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I was reading some docs about STL and it was written there that the end() function returns an iterator of the byte next to the last element of the container.

And I wonder, what if the container occupies the very last bytes of the whole available memory. What will happen then?

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A pointer is a kind of iterator, not the other way around. – Benjamin Lindley Dec 15 '12 at 23:14
    
@BenjaminLindley can you please tell me why this is so? I'm a beginner... – Kolyunya Dec 15 '12 at 23:18
    
I'm just being nit-picky. What I was getting at is that there are many types of iterators, not just pointers. So it is not the case that "iterators are pointers". Some iterators are pointers, and some are not. Now the converse, "pointers are iterators", that is true, or at least, that's what I meant to imply. However, that's actually not true. Some pointers are not iterators, some are just used as a type of reference. So I was mistaken. – Benjamin Lindley Dec 15 '12 at 23:32
    
@BenjaminLindley thank you for an explanation! – Kolyunya Dec 15 '12 at 23:34
up vote 4 down vote accepted

The C++ memory model guarantees that you can always form a pointer to the element after the last element of an array. If there is none, either the system won't let you allocate an object at this location or it would wrap around. Also, note that this is a potential problem for arrays as other containers can use iterator types which deal with the past the end position in some other suitable form: they fully control how the increment operation work.

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does this mean that I won't be let to make an array, which occupies the whole available at the moment memory, right? At least one byte must be left? Do I get it right? – Kolyunya Dec 15 '12 at 23:11
    
@Kolyunya: The design of C++ doesn't prevent it, but most OSes still won't allow it. – Jerry Coffin Dec 15 '12 at 23:23
1  
@Kolyunya: Say you were working on a 16-bit embedded system and you made an array that had a 16-bit integer at position 0xFFFE. Add one integer (2 bytes) and it wraps around to become 0x0000. If you do a simple comparison of iterators they are both 0 and i == end(). All is well. – Zan Lynx Dec 15 '12 at 23:29

An end iterator (at least figuratively) points just past the end of the container. The valid items in the container go from *container.begin() through *container.end()-1.

In other words, you can compare some other iterator to the end iterator to see if they'r equal (which tells you that you've reached the end of the items in the container), but you can not dereference that end iterator (i.e., you must not attempt to access an item that it refers to).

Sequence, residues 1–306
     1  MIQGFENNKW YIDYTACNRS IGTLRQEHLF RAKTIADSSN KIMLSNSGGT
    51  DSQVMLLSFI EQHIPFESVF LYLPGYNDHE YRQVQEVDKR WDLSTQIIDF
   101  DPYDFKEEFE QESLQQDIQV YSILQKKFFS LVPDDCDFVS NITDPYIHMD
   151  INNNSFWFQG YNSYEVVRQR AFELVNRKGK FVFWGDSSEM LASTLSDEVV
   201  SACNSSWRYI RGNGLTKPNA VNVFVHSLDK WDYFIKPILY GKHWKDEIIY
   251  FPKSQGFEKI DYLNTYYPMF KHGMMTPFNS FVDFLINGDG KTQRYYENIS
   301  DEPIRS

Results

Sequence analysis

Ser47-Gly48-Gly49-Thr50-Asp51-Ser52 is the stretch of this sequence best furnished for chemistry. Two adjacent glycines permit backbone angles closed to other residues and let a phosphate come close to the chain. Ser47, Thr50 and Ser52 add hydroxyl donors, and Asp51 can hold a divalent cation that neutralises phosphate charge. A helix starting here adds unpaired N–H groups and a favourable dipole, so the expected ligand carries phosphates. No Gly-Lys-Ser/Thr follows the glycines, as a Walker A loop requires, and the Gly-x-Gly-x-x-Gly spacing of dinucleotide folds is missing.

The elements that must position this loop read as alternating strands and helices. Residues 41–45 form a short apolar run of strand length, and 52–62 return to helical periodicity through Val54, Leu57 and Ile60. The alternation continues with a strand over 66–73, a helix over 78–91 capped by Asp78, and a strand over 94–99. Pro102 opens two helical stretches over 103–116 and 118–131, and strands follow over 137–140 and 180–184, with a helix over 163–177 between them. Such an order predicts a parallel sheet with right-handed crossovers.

Edit: Sorry, kind of misunderstood the question: well, if the container actually used the last byte of memory (rare/unlikely, but theoretically possible) you'd typically see the address wrap around to the beginning of memory, assuming it was an iterator that really worked in terms of address, of course. In such a case, you'd typically see it turn into a 0 address, which can still be distinguished from any valid address (i.e., 0 will convert to a null pointer, which can't be a valid pointer).

In a typical case, however, it's likely that such a thing just wouldn't be allowed to happen. Just for example, on most 32-bit systems, the user is restricted to using the first 2 or 3 gigabytes of address space, and the upper addresses are reserved for the operating system.

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The question is asking what happens if there are no more memory addresses though. So the iterator points to memory that does not physically exist. – Mosby Dec 15 '12 at 23:03
    
What if the last element points to the last byte in memory. What will .end() point to (at least figuratively) then? – Borgleader Dec 15 '12 at 23:04
    
@Borgleader: nothing, but it doesn't matter. – rici Dec 15 '12 at 23:06
    
If the situation described in your third paragraph were possible, wouldn't that break all the inequality operators? – Benjamin Lindley Dec 15 '12 at 23:35
    
@BenjaminLindley: Given that an iterator may only support equal/not-equal, there's not necessarily anything to break. Even if it does support inequality comparison, they're free to use other means to make it work (e.g., subtract 1 from each pointer before comparing). – Jerry Coffin Dec 15 '12 at 23:42

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